Since then we're learned a lot more about entropy, and it may be that the rise of complexity is as inevitable as its decay.
That sounds pretty good.
Life creates these little closed systems where it works to keep things nice and ordered.
But this definition still leaves out one important thing: Living things evolve.
Inside the very first living things must have been molecules-chains of atoms-that carried information-instructions for building things or codes for doing stuff.
Those molecules must have copied and made more of themselves, some a little different than the others.
And a few of those codes and instructions must have been better at doing whatever they did, so they made even more of themselves.
What we're describing is evolution by natural selection, Darwin's famous idea, and for life to move forward, it must have been there from the beginning.
Life is a product of evolution.
With all this in mind, maybe we're finally able to come up with a better definition: Life began the moment that molecules of information started to reproduce and evolve by natural selection.
And now that we have a definition we can make some rules for what something has to do to be "alive".
A living thing must work to avoid decay and disorder 2.
To do that, a living thing has to create a closed system, or be made of cells 3.
They have some molecule that can carry information about how to build cell machinery 4.
This information must evolve by natural selection Sounds pretty good, but rules are one thing.
The ultimate question is how would this actually happen?
Let's take these rules one by one.
What would it require for these things to arise?
And-most importantly-how likely are each of these steps based on what we know from good 'ol real, actual, hard science?!
Today, no matter where we look on the tree of life, most cell machinery is made of protein- chains of folded amino acids.
When modern cells make proteins, they copy genes from DNA into RNA and then use that RNA as a blueprint for making the proteins.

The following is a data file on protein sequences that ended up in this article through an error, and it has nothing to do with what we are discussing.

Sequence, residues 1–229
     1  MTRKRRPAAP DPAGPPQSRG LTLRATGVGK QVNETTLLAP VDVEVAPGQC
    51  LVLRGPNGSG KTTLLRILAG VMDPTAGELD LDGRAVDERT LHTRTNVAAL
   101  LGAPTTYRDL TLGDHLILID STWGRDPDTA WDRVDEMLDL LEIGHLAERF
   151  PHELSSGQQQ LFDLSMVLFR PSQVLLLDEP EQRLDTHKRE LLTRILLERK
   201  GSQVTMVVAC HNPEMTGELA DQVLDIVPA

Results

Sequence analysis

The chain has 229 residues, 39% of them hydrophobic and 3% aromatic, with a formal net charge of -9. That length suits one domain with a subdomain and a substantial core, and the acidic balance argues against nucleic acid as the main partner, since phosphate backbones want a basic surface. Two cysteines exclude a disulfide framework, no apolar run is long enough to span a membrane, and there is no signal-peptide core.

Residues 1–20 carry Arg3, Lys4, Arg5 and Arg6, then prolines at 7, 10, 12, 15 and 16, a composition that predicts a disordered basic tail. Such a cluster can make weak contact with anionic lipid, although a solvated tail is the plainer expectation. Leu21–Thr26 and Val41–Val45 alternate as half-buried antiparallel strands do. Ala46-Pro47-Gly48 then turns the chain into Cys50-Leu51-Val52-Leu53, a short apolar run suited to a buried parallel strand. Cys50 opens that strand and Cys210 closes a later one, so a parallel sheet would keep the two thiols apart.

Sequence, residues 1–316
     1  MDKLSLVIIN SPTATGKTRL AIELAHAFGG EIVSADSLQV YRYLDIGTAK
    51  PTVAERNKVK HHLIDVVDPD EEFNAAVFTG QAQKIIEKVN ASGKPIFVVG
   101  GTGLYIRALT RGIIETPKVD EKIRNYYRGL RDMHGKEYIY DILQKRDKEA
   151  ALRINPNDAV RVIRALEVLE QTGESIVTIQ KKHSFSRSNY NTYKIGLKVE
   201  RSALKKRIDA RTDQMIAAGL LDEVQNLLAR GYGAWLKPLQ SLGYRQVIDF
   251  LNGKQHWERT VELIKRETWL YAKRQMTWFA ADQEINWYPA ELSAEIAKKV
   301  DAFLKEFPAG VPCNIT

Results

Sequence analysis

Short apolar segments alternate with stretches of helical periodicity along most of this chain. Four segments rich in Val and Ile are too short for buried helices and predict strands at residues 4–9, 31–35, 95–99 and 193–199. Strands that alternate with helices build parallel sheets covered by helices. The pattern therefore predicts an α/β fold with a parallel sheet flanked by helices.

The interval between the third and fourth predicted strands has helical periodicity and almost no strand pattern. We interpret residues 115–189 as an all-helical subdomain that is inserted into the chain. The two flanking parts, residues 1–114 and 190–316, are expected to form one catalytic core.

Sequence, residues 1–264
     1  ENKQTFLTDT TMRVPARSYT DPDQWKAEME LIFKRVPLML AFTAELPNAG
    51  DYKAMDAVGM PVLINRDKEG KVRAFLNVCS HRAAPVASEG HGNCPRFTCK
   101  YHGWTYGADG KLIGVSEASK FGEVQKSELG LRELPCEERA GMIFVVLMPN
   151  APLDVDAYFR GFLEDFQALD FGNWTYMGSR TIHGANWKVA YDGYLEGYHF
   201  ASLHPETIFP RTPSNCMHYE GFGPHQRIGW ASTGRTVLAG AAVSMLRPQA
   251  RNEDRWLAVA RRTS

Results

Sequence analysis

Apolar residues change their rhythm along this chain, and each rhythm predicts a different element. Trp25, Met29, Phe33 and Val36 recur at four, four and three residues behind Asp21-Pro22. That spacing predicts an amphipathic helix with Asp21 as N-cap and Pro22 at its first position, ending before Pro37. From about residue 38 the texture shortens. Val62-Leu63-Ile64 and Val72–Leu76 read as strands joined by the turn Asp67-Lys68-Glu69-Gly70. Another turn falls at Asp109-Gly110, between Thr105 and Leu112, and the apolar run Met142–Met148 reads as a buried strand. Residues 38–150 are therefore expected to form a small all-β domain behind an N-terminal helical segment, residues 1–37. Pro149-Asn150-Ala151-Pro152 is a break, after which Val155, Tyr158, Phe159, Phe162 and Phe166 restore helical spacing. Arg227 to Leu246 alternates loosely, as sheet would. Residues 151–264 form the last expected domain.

We call this universal pathway the central dogma of biology, because it sounds really cool, and because it's something that all life shares.
But there's a paradox hidden in here-a puzzle.
It's a chicken and egg problem!
DNA needs proteins to make more of itself.
And cells need DNA and the instructions it holds to make proteins.
So which came first?
We can solve this paradox in a pretty simple way.
Just get rid of DNA and protein in the earliest days of life, and let RNA do everything.
RNA is the molecular cousin of DNA.
It contains the same four-letter alphabet code as DNA, only T is replaced by a similar molecule, U.
And instead of two strings in a helix, RNA is usually found in just one string.
RNA is special, because in addition to carrying information in that 4-letter code, it can fold up into interesting shapes and actually do stuff.
The same way that protein enzymes can do all kinds of chemical reactions, RNA enzymes-called ribozymes-can work life's machinery too.
It's now thought that life began in an RNA world.
Before DNA became a more permanent form of storage, different RNA chains could have carried information and been the machines for all of life's important chemistry.
Unfortunately, the RNA-only world went extinct more than 3 billion years ago, but we can make these RNA enzymes today.
Scientists have constructed ribozymes that can copy themselves, just like DNA gets copied.
And those copies occasionally have errors or changes, so RNA can evolve too.
If you need more proof you can find it right inside your cells.
The ribosome, the massive structure that stitches amino acids into protein, is mostly RNA.
We also find nucleotides, the single molecular units of RNA, inside a bunch of other molecules our cells need for metabolism.
This all makes sense only if the earliest days of living chemistry were dominated by RNA.
And it solves our chicken and egg problem.
The RNA world takes care of two of our four rules: A molecule that can carry information (3), and that can evolve (4).